Wales boasts a proud heritage in architecture and is the home to some iconic traditional designs. In recent times, there have been increasing numbers of new builds, leaving potential buyers with plenty of choice. The variety now available poses an interesting question: are traditional houses more popular in Wales than new builds or vice versa? Let’s compare the two and consider the pros and cons of each housing type.
The Importance of Upkeep to Preserve Welsh Property History
According to StatsWales, between October 2019 and December 2020, 1,329 total new dwellings emerged across Wales. Of those, 1,059 were houses. Unlike traditional housing, however, these require less upkeep. Because of Wales’ rich history, many of the country’s buildings date back to the late 19th and early 20th centuries. Primarily, the appeal of old-school designs lies in their dated aesthetics, as they’re typically more unique than contemporary builds.
For those concerned about the upkeep of old houses, it’s pivotal to know that using new technology to alter the property’s structure can damage the building’s foundations. Still, regular maintenance of Wales’ traditional housing is of utmost importance. Not only does this safeguard the property’s integrity, but it also avoids any expensive issues emerging at a later date.
Within Wales, traditional housing reflects the social and cultural history of the surrounding area. New builds, however, don’t have that same impact. Although more generic in appearance, contemporary designs require less upkeep and fewer surveys. In many ways, the fact that they’re a more hassle-free investment makes them extremely appealing to first-time buyers.
What Are the Pros and Cons of Each?
In relation to new builds, there are several advantages to investing in a modern-day design. As exterior structural work doesn’t require traditional techniques, it makes them significantly more customisable. Not only that but, from an efficiency standpoint, new builds are better-insulated. Unlike old designs, they’re typically constructed with cavity wall foam and double-glazing. However, new properties aren’t without their drawbacks. In older houses, the walls were all made from thick brick and stone, whereas modern-day concepts predominantly use plasterboard. For those living in a non-detached house, thinner walls are less effective at reducing noise from neighbouring properties.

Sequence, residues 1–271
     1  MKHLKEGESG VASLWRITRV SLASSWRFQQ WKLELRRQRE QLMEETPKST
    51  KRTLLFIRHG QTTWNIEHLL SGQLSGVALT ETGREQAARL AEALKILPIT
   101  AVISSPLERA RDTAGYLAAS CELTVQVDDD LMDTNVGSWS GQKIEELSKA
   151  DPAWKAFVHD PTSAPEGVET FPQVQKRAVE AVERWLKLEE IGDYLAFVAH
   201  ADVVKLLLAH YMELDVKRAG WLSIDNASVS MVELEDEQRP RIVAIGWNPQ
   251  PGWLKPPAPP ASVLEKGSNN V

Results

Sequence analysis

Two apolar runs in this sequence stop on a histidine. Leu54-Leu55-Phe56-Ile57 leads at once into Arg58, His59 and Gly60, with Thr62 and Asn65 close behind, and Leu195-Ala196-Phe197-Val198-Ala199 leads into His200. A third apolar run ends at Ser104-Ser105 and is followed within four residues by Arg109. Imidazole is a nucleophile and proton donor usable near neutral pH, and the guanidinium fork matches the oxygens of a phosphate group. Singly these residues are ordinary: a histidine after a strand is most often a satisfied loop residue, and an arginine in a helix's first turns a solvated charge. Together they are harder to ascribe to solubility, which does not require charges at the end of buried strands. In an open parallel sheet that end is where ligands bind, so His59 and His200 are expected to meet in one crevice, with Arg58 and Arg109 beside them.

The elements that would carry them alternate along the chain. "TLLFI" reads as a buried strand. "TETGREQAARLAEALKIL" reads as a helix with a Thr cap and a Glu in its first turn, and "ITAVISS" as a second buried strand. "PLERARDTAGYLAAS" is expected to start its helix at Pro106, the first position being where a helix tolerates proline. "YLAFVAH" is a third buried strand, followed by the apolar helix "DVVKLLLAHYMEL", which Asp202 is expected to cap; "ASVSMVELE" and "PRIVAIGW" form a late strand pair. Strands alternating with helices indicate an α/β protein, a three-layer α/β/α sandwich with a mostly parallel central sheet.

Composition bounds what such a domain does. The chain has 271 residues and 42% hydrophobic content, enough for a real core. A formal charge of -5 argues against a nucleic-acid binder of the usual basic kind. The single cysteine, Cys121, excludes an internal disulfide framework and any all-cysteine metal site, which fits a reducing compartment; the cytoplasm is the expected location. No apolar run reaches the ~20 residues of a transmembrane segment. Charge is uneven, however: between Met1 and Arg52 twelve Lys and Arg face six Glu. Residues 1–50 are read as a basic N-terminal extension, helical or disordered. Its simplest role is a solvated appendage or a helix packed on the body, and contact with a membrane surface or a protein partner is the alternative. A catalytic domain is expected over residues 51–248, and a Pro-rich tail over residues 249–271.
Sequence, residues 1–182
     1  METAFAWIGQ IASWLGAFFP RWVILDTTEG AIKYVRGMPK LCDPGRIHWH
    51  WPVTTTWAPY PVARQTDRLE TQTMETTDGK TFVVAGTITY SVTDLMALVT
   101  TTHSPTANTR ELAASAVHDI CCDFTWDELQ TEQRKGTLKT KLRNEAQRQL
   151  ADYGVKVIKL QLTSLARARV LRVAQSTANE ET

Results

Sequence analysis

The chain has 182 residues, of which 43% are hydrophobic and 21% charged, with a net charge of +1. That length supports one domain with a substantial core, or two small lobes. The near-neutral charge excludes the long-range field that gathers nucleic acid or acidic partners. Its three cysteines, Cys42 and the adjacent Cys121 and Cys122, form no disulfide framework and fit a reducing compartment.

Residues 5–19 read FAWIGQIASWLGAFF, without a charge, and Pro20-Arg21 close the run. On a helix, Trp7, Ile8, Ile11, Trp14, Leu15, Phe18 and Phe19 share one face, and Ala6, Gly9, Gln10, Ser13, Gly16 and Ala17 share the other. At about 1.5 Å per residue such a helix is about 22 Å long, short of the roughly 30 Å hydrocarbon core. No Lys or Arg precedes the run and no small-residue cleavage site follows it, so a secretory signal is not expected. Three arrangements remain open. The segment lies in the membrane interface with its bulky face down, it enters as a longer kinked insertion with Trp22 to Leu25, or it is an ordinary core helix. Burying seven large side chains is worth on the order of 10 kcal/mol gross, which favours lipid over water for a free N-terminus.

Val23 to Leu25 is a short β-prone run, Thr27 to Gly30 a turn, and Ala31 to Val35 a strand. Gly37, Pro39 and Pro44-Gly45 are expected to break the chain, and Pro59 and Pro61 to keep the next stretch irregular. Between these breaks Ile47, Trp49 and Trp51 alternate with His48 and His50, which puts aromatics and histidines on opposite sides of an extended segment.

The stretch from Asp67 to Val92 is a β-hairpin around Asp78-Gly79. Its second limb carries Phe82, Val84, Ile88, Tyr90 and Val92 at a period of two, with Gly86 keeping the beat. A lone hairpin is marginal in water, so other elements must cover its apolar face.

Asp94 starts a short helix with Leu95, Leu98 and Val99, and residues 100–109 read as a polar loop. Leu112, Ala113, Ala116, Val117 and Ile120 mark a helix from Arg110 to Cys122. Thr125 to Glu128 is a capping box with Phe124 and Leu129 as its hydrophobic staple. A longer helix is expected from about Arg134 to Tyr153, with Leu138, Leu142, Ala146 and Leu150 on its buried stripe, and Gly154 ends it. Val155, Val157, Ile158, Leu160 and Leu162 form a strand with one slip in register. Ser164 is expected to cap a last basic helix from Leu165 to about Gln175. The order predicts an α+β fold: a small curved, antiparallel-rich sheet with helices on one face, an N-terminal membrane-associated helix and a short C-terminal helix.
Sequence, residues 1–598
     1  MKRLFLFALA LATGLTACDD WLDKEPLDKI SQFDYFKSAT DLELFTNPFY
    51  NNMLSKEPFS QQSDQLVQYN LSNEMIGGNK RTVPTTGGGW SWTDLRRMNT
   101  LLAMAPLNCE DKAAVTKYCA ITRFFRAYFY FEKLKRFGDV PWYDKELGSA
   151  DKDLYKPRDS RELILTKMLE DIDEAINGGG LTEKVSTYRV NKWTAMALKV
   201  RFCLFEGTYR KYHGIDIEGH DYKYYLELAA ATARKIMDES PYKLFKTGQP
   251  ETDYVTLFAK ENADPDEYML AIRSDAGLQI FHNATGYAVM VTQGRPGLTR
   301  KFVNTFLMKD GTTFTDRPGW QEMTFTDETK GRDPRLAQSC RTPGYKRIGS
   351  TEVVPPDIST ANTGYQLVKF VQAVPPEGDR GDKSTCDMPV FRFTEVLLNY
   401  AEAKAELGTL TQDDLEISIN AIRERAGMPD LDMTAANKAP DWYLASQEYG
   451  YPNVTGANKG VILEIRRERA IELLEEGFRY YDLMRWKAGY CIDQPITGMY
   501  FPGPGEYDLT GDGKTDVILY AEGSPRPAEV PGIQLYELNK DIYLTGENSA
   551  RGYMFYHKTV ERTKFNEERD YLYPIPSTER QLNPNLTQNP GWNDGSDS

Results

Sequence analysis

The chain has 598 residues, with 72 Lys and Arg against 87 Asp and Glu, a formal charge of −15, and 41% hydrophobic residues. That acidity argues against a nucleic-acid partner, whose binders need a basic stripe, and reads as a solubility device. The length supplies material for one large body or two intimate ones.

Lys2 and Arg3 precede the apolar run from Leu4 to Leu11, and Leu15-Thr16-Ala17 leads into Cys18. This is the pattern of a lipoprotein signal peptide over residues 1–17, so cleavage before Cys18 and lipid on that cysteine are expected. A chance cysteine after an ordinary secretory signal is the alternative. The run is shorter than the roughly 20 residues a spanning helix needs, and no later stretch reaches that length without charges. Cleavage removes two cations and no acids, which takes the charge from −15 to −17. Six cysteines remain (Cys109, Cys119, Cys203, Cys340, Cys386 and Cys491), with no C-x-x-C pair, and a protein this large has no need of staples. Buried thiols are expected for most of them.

Traditional houses with good surveys come with numerous benefits. Aside from their thicker walls, they’re also often more spacious and come with well-sized gardens. That said, it’s impossible to overlook that older designs will need either costly upkeep or heavy restorations.
Generally, having a choice between old and new can only be seen as a positive for Wales’ housing market. Because of the available options, the property sector is now more expansive than ever before. In turn, this means that every housing type is seemingly in demand which is great for local housing markets. If we take a look at the latest property market data for Cardigan, for example, we can see it takes an average of 21 weeks for a house to sell in the town. Not only that, but the cost of a three-bed property rose between August 2020 and February 2021, with a rate of just 0.2 percent reducing their asking price.
What Should You Buy?
As deciding what house to buy is a significant step in anyone’s lives, it’s pivotal to follow your heart (and head) and make an informed decision. For those who enjoy the quirkiness of old houses and are at peace with the required upkeep, purchasing one will allow you to own a piece of Welsh history. New houses, on the other hand, lack the character of older designs but are much more manageable.